Factors involved in contributing to effective student learning when using interactive whiteboard technology: A case study of a New Zealand primary school
Permanent link to Research Bank record:http://hdl.handle.net/10652/1447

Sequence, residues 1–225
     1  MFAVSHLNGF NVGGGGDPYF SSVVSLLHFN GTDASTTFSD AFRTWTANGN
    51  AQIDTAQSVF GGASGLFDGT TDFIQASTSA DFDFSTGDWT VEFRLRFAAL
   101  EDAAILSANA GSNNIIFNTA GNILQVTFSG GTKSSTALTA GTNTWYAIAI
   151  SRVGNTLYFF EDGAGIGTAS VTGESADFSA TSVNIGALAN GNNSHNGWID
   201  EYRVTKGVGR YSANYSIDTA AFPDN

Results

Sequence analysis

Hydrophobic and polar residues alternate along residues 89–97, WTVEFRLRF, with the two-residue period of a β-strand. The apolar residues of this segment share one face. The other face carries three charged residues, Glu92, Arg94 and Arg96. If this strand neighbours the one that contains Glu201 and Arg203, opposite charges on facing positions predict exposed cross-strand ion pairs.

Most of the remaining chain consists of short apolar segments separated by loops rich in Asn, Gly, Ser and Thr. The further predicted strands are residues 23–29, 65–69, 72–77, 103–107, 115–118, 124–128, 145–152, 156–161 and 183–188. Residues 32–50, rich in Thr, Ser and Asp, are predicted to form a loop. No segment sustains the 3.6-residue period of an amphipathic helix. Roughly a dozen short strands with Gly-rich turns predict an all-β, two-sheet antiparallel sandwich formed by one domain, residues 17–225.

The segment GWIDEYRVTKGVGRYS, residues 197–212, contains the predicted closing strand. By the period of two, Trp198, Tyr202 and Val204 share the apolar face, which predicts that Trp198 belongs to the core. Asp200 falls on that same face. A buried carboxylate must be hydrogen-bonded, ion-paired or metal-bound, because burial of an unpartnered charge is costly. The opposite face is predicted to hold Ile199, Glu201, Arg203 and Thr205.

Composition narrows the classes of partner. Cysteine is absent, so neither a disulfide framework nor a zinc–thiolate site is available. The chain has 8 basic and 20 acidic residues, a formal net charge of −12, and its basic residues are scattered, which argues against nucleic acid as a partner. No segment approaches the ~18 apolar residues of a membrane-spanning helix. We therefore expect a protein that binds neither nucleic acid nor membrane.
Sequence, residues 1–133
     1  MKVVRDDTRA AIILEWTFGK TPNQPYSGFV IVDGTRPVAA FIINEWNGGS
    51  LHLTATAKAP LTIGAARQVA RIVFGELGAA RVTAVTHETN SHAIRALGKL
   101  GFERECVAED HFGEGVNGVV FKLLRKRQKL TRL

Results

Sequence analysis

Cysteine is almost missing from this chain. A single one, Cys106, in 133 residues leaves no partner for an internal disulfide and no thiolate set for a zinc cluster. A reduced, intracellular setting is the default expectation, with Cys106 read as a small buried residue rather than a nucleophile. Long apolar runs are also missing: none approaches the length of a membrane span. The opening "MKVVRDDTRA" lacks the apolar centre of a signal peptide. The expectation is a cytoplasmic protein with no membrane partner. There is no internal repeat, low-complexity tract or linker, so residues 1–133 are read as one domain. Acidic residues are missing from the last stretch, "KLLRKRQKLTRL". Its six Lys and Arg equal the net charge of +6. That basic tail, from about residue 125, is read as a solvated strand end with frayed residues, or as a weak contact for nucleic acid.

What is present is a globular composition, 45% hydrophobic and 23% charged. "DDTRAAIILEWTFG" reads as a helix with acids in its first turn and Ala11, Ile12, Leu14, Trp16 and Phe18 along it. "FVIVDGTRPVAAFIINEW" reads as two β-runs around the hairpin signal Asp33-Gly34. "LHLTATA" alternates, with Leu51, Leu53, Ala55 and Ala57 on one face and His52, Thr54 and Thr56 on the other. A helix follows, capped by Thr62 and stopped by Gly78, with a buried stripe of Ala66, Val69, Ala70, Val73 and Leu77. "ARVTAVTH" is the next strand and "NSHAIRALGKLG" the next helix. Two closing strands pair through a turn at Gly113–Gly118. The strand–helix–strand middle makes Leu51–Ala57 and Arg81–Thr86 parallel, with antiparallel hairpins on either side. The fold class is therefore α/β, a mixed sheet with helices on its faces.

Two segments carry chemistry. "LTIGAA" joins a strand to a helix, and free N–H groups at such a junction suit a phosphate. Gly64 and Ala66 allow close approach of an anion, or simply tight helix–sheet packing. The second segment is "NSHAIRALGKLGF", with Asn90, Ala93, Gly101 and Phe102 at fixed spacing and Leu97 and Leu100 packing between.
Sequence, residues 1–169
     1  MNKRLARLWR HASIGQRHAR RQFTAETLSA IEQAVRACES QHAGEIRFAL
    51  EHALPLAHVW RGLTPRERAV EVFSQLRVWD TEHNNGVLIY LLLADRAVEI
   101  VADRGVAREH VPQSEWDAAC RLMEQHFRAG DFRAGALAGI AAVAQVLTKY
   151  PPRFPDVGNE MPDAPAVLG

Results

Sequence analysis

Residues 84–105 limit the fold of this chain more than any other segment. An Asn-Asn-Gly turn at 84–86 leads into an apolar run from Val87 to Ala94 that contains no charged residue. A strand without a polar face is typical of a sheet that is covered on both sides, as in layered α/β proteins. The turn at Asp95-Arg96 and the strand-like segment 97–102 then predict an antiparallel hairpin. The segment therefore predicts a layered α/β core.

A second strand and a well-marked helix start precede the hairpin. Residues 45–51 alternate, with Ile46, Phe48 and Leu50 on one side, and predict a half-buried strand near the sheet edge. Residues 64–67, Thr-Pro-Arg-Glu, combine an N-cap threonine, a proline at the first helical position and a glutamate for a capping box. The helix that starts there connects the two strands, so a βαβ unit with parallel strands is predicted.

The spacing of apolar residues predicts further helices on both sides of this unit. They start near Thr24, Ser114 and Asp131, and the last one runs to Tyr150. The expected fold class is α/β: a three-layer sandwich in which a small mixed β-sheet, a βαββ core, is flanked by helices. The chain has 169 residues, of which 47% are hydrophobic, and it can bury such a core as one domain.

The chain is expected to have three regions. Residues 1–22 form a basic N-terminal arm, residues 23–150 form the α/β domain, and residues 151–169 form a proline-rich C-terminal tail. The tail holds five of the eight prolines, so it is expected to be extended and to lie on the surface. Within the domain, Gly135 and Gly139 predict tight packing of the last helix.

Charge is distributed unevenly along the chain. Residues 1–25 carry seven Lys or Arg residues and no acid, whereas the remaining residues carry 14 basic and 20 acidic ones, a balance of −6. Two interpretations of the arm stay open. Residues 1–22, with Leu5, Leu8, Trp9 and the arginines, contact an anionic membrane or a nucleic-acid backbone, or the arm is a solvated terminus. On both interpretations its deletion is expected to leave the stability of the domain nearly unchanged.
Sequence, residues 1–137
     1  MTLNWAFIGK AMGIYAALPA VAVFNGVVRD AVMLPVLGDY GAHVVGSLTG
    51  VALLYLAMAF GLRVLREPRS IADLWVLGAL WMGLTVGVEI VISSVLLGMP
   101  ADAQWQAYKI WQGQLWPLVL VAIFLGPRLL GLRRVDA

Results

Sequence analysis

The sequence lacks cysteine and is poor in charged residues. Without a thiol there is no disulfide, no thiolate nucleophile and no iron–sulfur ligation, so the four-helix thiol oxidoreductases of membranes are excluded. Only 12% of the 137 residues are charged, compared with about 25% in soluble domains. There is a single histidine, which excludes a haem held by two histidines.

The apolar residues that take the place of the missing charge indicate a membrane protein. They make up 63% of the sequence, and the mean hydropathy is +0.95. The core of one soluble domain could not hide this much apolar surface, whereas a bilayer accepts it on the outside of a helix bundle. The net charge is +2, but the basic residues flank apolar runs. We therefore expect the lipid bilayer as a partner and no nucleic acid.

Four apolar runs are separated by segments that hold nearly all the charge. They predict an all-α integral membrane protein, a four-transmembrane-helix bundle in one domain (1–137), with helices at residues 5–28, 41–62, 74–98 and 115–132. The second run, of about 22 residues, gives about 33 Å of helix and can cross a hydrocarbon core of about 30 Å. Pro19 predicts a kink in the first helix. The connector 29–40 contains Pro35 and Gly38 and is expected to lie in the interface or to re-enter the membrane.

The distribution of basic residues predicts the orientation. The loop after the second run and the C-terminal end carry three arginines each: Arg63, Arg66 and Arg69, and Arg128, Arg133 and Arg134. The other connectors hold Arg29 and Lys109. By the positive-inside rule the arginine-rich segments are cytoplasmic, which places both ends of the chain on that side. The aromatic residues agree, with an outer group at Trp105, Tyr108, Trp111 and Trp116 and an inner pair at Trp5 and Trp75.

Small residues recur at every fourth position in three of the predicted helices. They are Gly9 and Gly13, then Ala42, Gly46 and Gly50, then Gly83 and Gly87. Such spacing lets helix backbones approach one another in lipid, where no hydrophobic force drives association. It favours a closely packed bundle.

Today’s 21st century educational landscape is very different from previous centuries. Technology has had a major influence on this setting. With the call to prepare our students for the information age and a digital society, from a variety of stakeholders (government, employers, parents) in our children’s education, New Zealand Primary schools are currently facing what could be the most momentous transformations in the way we teach our children in the classroom. As educators, we need to prepare the most important stakeholder in education, the student, to not only become an effective user of technology, but competent collators and processors of information with skills that will contribute to lifelong learning. With limited operating budgets and long term strategic decisions required, school administrators are required to make important decisions about what is the best technology to incorporate into the classroom in order to meet these expectations from stakeholders. Whilst this research focuses on the use of Interactive Whiteboard (IWB) technology and the impact that the technology has on effective student learning and classroom strategies that contribute to this learning, the analytical methodology used in this research could be applied to any technological instructional device that will be used in the classroom for teaching and learning. Many educationalists, including Beauchamp and Parkinson (2005), Hodge and Anderson (2007), and Smith, Higgins, Wall and Miller (2005), have made the call for authentic empirical research into the way in which IWB technologies are contributing to teaching and learning. This Case study research of a single New Zealand primary school encompassed a comprehensive look into a real situation, happening right now in New Zealand primary school classrooms. The Case study data collection took 13 months to complete and consisted of over 30 hours of classroom observations and 30 hours of interviews. To support and examine the data collected at the school, the researcher also interviewed the supplier of the IWB technology used at the case study school and attended the Inaugural New Zealand and Australian Interactive Whiteboard Conference held in Auckland in October 2009. When carrying out the classroom observations, it was not the intention of this project to record the assessment outcomes of the lesson but rather to record and analyze the Interactive Whiteboard functionality used during the lesson and observe the classroom interaction between the technology, the teacher and the students that indicated effective learning opportunities were experienced. Observation field notes recorded the students’ behavior and teaching and classroom strategies employed when using the IWB as a tool within a lesson. The analysis of the observed data was triangulated with data collected from interviews with the school leaders and teachers and with the current researched literature available on the use of IWB technology in the education sector. Supporting the analysis is a theoretical model (see Figure 5-4) modified by the researcher to identify effective learning principles and information processing skills that should be applied when using technology as a tool for optimum learning. Whilst much of the research, both in this project and in the literature, is conclusive in identifying that the IWB technology contributes to the engagement of the student, the intention of this project was to look further into the other factors that were evident in contributing to effective learning. This research project did identify other factors, such as the IWB technology affords the possibility for teaching methods to reflect a more interactive and student centered learning opportunity, however in a number of the classroom observations these opportunities were limited because of the teaching pedagogy and classroom strategies employed. The outcome clearly identified that the classroom still reflects an overbalance in power and control from a teaching perspective, which has an effect on the use of the IWB technology, resulting in teaching strategies that do not take full advantage of the functionality and the contribution it could make to effective teaching and learning for the student. If schools are to make the significant investment in this technology, a clear understanding is required from the teacher that pedagogy will require change and a new teaching paradigm is needed if students of today’s generation are to benefit from the use of this expensive but highly valuable educational learning tool in their environment.